A friend asked me a challenging question: “Many people have feelings of ‘entitlement’ to blessings from God as a result of faithfulness. I understand this feeling. For many years I believed that the harder I tried to be obedient to the commandments and to serve God and His children, the more protection I (and those I love) would have from suffering. After all, if we keep the covenants, we are told that we will prosper in the land. This is not the case for everyone. Each of my children has faced significant challenges, some the result of difficult marriages.”

Some of us are surprised to discover that even though we are faithful Saints, we may face significant disappointments in our marriages.

One husband wonders why the woman who was so affectionate when they dated is so unaffectionate now that they are married. One wife is frustrated that her husband seems lazy—he does not help her around the house. A husband struggles with the way his wife constantly criticizes him. A wife feels lonely when her husband no longer listens to her.

Planted deep in our souls is a dream of relationships as they should be. We know that the right way to be together is with kindness, consideration, affection. We expect there to be occasional showers but we do not expect hurricanes or droughts in our covenant relationships. We entered in good faith and expected God to bless us.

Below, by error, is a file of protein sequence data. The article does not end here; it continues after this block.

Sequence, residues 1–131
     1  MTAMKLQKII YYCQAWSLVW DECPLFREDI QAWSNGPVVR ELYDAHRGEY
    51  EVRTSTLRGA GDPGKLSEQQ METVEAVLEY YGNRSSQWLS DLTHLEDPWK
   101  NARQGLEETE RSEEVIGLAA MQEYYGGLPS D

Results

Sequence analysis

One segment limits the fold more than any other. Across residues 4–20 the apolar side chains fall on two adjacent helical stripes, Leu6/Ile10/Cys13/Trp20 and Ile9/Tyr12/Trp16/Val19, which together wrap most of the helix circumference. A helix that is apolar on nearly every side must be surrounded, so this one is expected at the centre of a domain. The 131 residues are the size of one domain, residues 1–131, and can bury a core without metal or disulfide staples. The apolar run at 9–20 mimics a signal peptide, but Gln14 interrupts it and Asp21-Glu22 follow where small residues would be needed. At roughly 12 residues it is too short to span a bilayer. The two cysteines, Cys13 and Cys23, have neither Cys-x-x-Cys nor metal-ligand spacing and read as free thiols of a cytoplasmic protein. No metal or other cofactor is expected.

There is lots of evidence that the expectation is unreasonable.

I appreciate the story about Spencer W. Kimball. He and his wife had different ideas about how to spend a vacation; he wanted to travel and she wanted to improve their home. They could not come to agreement. So he traveled alone and she worked on the house.

The prophet Joseph Smith was a great man who dedicated his life to doing the will of the Lord yet his marriage was not easy. Heck! His life wasn’t easy!

Yet, on some level, many of us tend to believe that if we are good Saints, we should be spared most of those painful challenges. And that shows that we don’t understand God’s Plan.

When we are young, we expect a simple relationship between goodness and blessings. We do what’s right and God blesses us. This is the milk of the gospel. As we mature, we are ready for meat; God invites us to a more advanced relationship with Him. He invites us to “receive all things with thankfulness.” All things. As we are more mature, we recognize afflictions as heaven-crafted blessings.